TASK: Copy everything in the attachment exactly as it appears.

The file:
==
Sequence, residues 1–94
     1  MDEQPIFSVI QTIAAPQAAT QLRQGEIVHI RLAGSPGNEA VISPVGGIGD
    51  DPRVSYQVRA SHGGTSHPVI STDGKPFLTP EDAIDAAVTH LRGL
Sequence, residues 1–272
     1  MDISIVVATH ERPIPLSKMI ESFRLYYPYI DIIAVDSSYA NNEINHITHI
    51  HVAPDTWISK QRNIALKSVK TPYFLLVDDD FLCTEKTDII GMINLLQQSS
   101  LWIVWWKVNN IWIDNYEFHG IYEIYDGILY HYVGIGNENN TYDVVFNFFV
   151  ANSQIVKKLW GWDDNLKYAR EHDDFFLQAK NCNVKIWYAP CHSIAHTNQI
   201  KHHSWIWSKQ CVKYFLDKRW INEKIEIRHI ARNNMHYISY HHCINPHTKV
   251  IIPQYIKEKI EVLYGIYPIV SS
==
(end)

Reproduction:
Sequence, residues 1–94
     1  MDEQPIFSVI QTIAAPQAAT QLRQGEIVHI RLAGSPGNEA VISPVGGIGD
    51  DPRVSYQVRA SHGGTSHPVI STDGKPFLTP EDAIDAAVTH LRGL
Sequence, residues 1–272
     1  MDISIVVATH ERPIPLSKMI ESFRLYYPYI DIIAVDSSYA NNEINHITHI
    51  HVAPDTWISK QRNIALKSVK TPYFLLVDDD FLCTEKTDII GMINLLQQSS
   101  LWIVWWKVNN IWIDNYEFHG IYEIYDGILY HYVGIGNENN TYDVVFNFFV
   151  ANSQIVKKLW GWDDNLKYAR EHDDFFLQAK NCNVKIWYAP CHSIAHTNQI
   201  KHHSWIWSKQ CVKYFLDKRW INEKIEIRHI ARNNMHYISY HHCINPHTKV
   251  IIPQYIKEKI EVLYGIYPIV SS